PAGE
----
"O Canada," the national anthem of our neighbors up north, comes in two official versions — English and French. They share a melody, but differ in meaning.

Let the record show: neither version of those lyrics contains the phrase "all lives matter."

But at the 2016 All-Star Game, the song got an unexpected edit.

At Petco Park in San Diego, one member of the Canadian singing group The Tenors — by himself, according to the other members of the group — revised the anthem.

School's out, and a lot of parents are getting through the long summer days with extra helpings of digital devices.

How should we feel about that?

Police in Baton Rouge say they have arrested three people who stole guns with the goal of killing police officers. They are still looking for a fourth suspect in the alleged plot, NPR's Greg Allen reports.

"Police say the thefts were at a Baton Rouge pawn shop early Saturday morning," Greg says. "One person was arrested at the scene. Since then, two others have been arrested and six of the eight stolen handguns have been recovered. Police are still looking for one other man."

A 13-year-old boy is among those arrested, Greg says.

Copyright 2016 NPR. To see more, visit http://www.npr.org/.

After an international tribunal invalidated Beijing's claims to the South China Sea, Chinese authorities have declared in no uncertain terms that they will be ignoring the ruling.

The Philippines brought the case to the Permanent Court of Arbitration in The Hague, objecting to China's claims to maritime rights in the disputed waters. The tribunal agreed that China had no legal authority to claim the waters and was infringing on the sovereign rights of the Philippines.

Donald Trump is firing back at Supreme Court Justice Ruth Bader Ginsburg after she disparaged him in several media interviews. He tweeted late Tuesday that she "has embarrassed all" with her "very dumb political statements" about the candidate. Trump ended his tweet with "Her mind is shot - resign!":

Donald Trump wrapped up his public tryout of potential vice presidential candidates in Indiana Tuesday night with Gov. Mike Pence giving the final audition.

The Indiana governor's stock as Trump's possible running mate is believed to be on the rise, with New Jersey Gov. Chris Christie and former House Speaker Newt Gingrich also atop the list. Sources tell NPR the presumptive GOP presidential nominee is close to making a decision, which he's widely expected to announce by Friday.

Copyright 2016 NPR. To see more, visit http://www.npr.org/.

The unassuming hero of Jonas Karlsson's clever, Kafkaesque parable is the opposite of a malcontent. Despite scant education, a limited social life, and no prospects for success as it is usually defined, he's that rarity, a most happy fella with an amazing ability to content himself with very little. But one day, returning to his barebones flat from his dead-end, part-time job at a video store, he finds an astronomical bill from an entity called W.R.D. He assumes it's a scam. Actually, it is more sinister-- and it forces him to take a good hard look at his life and values.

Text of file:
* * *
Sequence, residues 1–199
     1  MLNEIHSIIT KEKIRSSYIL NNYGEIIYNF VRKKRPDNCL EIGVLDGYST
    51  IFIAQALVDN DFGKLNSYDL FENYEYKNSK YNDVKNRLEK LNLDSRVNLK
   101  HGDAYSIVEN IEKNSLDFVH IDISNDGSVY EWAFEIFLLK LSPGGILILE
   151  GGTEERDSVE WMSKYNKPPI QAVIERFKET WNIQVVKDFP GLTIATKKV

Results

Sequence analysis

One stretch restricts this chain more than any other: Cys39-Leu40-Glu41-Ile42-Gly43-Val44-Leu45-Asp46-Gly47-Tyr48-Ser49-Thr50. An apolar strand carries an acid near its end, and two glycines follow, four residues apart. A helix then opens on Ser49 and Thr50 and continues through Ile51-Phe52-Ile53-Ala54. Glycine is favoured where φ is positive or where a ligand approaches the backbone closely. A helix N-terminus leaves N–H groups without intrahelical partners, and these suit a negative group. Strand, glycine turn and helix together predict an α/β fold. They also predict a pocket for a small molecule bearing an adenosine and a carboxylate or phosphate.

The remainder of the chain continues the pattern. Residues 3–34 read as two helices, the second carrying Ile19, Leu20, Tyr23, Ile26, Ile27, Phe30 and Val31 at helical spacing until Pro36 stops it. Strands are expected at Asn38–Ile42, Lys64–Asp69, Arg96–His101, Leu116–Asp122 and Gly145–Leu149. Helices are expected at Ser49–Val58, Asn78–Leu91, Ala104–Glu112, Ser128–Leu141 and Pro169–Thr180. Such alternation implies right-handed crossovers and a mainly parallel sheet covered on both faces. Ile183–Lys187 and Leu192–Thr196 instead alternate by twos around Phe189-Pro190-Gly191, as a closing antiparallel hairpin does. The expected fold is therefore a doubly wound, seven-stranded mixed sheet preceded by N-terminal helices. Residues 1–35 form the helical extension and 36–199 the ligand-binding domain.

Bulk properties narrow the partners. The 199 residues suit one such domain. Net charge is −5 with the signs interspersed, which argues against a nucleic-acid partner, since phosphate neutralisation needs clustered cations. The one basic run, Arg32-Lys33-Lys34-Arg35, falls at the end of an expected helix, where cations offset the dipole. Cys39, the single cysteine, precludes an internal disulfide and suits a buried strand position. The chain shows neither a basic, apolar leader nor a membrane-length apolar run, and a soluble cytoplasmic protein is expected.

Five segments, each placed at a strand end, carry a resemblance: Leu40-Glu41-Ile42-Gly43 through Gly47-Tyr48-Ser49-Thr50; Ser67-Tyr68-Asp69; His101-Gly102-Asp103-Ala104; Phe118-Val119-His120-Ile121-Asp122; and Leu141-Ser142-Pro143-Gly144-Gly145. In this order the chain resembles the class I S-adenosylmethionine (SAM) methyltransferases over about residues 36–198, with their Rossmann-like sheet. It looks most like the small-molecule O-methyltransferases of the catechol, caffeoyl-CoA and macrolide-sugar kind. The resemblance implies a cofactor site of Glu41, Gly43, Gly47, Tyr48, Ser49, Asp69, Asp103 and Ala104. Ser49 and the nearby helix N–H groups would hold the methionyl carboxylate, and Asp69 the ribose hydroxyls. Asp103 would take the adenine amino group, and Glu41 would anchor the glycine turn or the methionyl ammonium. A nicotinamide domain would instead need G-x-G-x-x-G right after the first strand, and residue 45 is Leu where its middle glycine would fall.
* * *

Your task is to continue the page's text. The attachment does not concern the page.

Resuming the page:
Copyright 2016 NPR. To see more, visit http://www.npr.org/.


Markets Offer Muted Reaction To Bank Ratings Dowgrades

Jun 22, 2012
Originally published on June 22, 2012 10:14 am

UPDATE at 10:10 a.m. EST:

U.S. stocks open up a day after their second-worst showing of the year, apparently shrugging off the concerns over banks.

Here's our original post:

NPR's Chris Arnold reports this morning on the fallout from Moody's announcement yesterday that it was cutting its rating on 15 big banks in the U.S. and Europe.

Speaking with Morning Edition host Steve Inskeep, Arnold called the downgrade "a repositioning of credit worthiness of almost the entire banking industry."

The credit rating agency Moody's is essentially saying there are three tiers of banks.

The top tier, which includes JPMorgan Chase, HSBC and the Royal Bank of Canada, is in good shape.

The second tier, including Barclays, Deutsche Bank and Goldman Sachs has "ongoing exposure to the troubles in Europe."

The last group, which includes Bank of America, Citigroup and Morgan Stanley, "would be in for the bumpiest ride if things in Europe or some other big shock came along," Arnold says.

Not surprisingly, the banks that were downgraded didn't much like the news from Moody's. The Telegraph has some official reaction here.

According to The Wall Street Journal:

"Investors have been bracing for the downgrades since February, when the Moody's Corp. unit said it would review the ratings of more than 100 banks around the world. U.S. bank stocks rose in after-hours trading Thursday, after Moody's announced the downgrades. The gains followed a broad-based selloff that saw the Dow Jones Industrial Average fall 250.82 points to 12573.57."

It's worth remembering that Moody's and other credit-rating agencies such as Standard & Poor's, "got a black eye for placing high ratings on mortgage bonds that later imploded," according to The New York Times.

The downgrades will lead to higher borrowing for the affected banks, and that's not good news for consumers, the Times notes:

"As bank profits falter, consumers could also be affected. Companies often try to make up for lost revenue by passing costs on to customers.

"In the face of new regulations, banks have raised fees and other sources of income to bolster their business."

Copyright 2012 National Public Radio. To see more, visit http://www.npr.org/.